You know when you see a true story that’s so bizarre that you almost can’t believe it? This is a blessing I have as someone with very little knowledge of history in any category, as it heightens many films to levels that I may not see them on if I had a single clue about it. There was no better example of this than I, Tonya.

I, Tonya is the story of Tonya Harding (Margot Robbie), a Portland girl forced to take up skating by her abusive mother (Allison Janney), and soon finds a passion and dedication for it. Despite her talent, she struggles to escape her white trash image, as well as dealing with her abusive husband (Sebastian Stan), the lasting effects of her mother’s cold approach to parenting, and a career shaking scandal orchestrated by her “bodyguard.”

As great as this film is, I wish it had come out in a different year; Margot Robbie was always a lock for a Best Actress nomination at the Oscars, Allison Janney was always a lock for Best Supporting Actress nomination, but this film deserves so much more. It deserves nominations for Best Picture, Best Director, Best Supporting Actor, Best Adapted Screenplay, Best Cinematography.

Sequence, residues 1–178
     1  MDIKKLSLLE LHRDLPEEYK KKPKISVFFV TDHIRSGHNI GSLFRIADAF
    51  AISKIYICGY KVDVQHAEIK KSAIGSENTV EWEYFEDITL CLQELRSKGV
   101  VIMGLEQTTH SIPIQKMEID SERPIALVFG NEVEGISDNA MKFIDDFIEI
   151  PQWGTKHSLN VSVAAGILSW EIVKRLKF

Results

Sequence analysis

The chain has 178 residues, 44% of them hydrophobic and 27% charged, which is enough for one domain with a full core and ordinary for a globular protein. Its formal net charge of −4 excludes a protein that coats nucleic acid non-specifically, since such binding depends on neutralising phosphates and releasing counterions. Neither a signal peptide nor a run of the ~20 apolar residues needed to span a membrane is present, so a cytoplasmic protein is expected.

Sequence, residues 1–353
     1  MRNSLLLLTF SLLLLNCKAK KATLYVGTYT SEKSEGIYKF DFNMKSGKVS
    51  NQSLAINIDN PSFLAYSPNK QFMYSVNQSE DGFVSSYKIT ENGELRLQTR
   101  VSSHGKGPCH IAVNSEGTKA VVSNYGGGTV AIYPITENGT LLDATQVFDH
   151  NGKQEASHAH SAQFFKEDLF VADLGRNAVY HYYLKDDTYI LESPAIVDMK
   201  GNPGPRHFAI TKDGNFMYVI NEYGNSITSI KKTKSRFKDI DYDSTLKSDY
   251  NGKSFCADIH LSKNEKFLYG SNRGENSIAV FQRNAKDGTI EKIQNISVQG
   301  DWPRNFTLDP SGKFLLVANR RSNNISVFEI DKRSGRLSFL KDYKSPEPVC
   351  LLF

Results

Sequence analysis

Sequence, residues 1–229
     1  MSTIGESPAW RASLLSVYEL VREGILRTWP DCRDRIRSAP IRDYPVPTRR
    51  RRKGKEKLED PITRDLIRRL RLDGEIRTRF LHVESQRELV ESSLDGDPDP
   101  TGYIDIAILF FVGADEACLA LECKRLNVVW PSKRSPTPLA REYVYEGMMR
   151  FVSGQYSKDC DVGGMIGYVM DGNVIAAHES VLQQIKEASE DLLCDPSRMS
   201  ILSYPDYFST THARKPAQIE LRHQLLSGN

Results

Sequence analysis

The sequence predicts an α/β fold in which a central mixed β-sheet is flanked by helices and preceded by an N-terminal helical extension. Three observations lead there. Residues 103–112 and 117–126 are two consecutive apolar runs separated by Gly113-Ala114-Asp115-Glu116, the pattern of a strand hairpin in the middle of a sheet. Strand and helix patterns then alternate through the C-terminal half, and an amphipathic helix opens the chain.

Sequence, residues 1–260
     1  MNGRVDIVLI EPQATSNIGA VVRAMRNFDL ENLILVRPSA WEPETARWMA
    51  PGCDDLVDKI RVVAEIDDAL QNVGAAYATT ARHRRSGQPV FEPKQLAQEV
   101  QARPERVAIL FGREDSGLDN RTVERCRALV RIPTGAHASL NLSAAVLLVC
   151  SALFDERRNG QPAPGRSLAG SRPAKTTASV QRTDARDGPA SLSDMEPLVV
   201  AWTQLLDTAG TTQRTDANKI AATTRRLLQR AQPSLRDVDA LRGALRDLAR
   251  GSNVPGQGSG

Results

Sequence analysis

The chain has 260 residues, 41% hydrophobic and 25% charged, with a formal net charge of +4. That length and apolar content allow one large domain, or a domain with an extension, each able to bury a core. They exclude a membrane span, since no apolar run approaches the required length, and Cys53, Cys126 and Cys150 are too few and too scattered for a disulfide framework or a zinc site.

Unfortunately, this was a very stacked year.

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In any other year, I bet we’d be seeing this all across the board, but in a year as brilliant as this, it didn’t stance a chance.  I, Tonya is an exhilarating biopic that takes a surprisingly respectful approach to someone who couldn’t gain it in real life, but still manages to be honest. There’s no need to sugar coat anything, Harding’s issues are all present but they’re all rooted in much deeper issues. From the way it’s shot to its quick editing, and the fluidity of the camera, it’s a vibrant film that never stops. It holds a lot of pride and a lot of shame, and whether you like scandals/gossip or not, the drama is tantalising and impossible not to eat up. I don’t know how accurate this film is. As far as I can see, it seems pretty fair – but this has to be one of the most jacked up and slightly hilarious true stories I’ve ever seen on film. Everything regarding the character of Shawn Eckhardt is as funny as it is disturbing, and if you don’t already know the story of the Nancy Kerrigan attack, it’s worth reading up on. It’s one of the biggest scandals in American sports’ history and this film gives it the gravity and impact that it deserves.